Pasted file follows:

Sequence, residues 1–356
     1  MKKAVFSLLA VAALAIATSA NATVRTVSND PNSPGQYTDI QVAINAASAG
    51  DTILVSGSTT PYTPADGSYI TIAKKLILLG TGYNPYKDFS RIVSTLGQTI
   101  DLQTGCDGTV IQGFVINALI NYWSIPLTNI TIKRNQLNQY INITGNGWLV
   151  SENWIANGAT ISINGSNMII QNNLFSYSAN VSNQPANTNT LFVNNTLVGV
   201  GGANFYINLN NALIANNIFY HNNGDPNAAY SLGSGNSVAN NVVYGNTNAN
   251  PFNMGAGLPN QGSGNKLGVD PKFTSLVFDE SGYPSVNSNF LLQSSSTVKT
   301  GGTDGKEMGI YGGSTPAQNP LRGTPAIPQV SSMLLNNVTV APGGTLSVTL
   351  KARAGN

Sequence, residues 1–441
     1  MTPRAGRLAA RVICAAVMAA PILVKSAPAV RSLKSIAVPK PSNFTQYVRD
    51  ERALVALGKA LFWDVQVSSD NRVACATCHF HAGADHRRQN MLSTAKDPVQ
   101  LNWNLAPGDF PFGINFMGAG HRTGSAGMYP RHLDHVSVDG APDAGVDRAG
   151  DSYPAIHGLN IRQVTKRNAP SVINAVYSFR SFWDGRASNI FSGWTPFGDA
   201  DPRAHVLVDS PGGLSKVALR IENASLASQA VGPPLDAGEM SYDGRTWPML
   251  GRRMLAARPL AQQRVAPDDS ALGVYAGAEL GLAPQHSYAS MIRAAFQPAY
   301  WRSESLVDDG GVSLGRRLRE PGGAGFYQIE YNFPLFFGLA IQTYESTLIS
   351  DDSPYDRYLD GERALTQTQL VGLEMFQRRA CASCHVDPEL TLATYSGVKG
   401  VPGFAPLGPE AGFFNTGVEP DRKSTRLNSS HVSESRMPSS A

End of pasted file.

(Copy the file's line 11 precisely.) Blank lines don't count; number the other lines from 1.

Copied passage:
     1  MTPRAGRLAA RVICAAVMAA PILVKSAPAV RSLKSIAVPK PSNFTQYVRD